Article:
Transshipment rules tightened at Customs

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CUSTOMS Commissioner Alberto Lina on Friday vowed to implement the edict originally issued by his close buddy, former Commissioner Angelito Alvarez, which tightened the rules on transshipment.

The move was a measure to prevent a repeat of an incident that happened more than four years ago wherein around 2,000 container vans of highly taxable goods worth at least P3.6 billion went missing without a trace while being transported to the Port of Batangas.

Ironically, the incident about the missing containers happened under the watch of Alvarez, which eventually forced his resignation after only 14 months on the job.

Lina issued Customs Memorandum Order No. 28-2015, directing that all sea shipments, intended for use or consumption in the country, will be covered by the necessary import entry for immediate consumption, whether formal or informal, at the assessment office at the port of first discharge upon importation into the Philippine territory even if the final destination is another port.


Transshipment, which is allowed by the Tariff and Customs Code of the Philippines (TCCP), refers to the movement under Customs guard of imported cargoes from their original port of discharge to their final port of destination.

Previously, it had been a practice in the ports that the assessment of imported goods for transshipment was done at the port of final destination rather than at the port of original entry.

“This now requires the immediate filing of import entries and the payment of duties and taxes of goods at the port of first discharge instead of the practice of allowing the filing of entry and payment of duties in the port of final destination.  To illustrate, the old practice allows cargo discharged in a Manila port to be transshipped to Cebu [as port of final destination]where the import entry will then be filed, and the duties and taxes will be assessed and paid,” Customs Deputy Commissioner for Assessment and Operations Agaton Uvero explained.

“Transshipments will no longer be allowed and the filing of the entry at the final destination shall be strictly prohibited. That way, we prevent containers from missing during transshipment,” he said.

Uvero  pointed out that importers would now have to immediately file an import entry and pay duties and taxes in Manila before the same could be transported to its port of destination.

The order excludes shipments imported by accredited locators of the Philippine Economic Zone Authority (PEZA) and free ports; articles intended for use by accredited Customs Bonded Warehouses (CBWs); and those imported for immediate exportation.

Alvarez was the first Customs commissioner under the Aquino administration.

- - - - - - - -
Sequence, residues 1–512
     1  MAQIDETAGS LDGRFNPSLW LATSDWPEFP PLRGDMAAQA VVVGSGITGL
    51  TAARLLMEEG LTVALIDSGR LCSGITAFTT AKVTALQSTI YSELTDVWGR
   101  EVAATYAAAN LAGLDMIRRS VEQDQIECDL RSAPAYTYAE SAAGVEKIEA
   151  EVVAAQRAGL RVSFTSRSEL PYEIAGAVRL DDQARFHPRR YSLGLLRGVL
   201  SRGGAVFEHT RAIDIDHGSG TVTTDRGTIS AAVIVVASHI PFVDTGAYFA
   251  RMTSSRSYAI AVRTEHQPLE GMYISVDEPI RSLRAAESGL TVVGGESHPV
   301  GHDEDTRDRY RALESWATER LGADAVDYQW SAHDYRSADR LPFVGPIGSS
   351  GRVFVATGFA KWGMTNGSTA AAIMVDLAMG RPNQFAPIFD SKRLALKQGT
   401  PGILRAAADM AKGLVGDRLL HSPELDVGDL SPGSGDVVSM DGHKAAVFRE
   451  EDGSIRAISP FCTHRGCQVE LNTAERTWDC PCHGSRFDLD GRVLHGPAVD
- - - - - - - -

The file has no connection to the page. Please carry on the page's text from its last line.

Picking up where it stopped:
He assumed BOC’s top post on July 7, 2010, replacing Napoleon Morales who served as commissioner for six years under the Arroyo administration.

Prior to his appointment, Alvarez ran a number of firms under the Lina Group of Companies.

Among them as president and chief operating officer of Airfreight 21000 and president of PBA team Air21, all owned by Lina.

Alvarez was forced to resign on September 16, 2011 after President Benigno  Aquino 3rd publicly announced that he was no longer satisfied with the former’s performance.

The BOC’s Management Information System and Technology Group confirmed that a total of 1,910 containers vans disappeared without a trace and without a single cent paid to the government.

During a congressional investigation, Laoag City Rep. Rodolfo Farinas said the government lost P3.6 billion in revenues out of the incident.

Alvarez has since changed the rules on transshipment as an offshoot of the missing container vans because of the practice’s alleged susceptibility to abuse and misuse.
The directive was no different from Lina’s.

Under Alvarez’s ruling, it stated, “payments of duties and taxes would be made at the port of discharge, not anymore on the port of final destination.”

“There’s no reason why importers would pay at the port destination and not on the port of discharge as the amount to be paid remains the same. Transshipment has become a marketing tool for customs collection districts who are forced by circumstances to attract the patronage of as many customers as they could bet because of their district’s need to meet high collection targets,” Alvarez said.

“That way, we ensure the payment of duties and taxes due the government and there would be no more undergoing while the goods are being transshipped. So whatever happened to the containers vans and its contents while on transit, payments has already been paid,” he explained.

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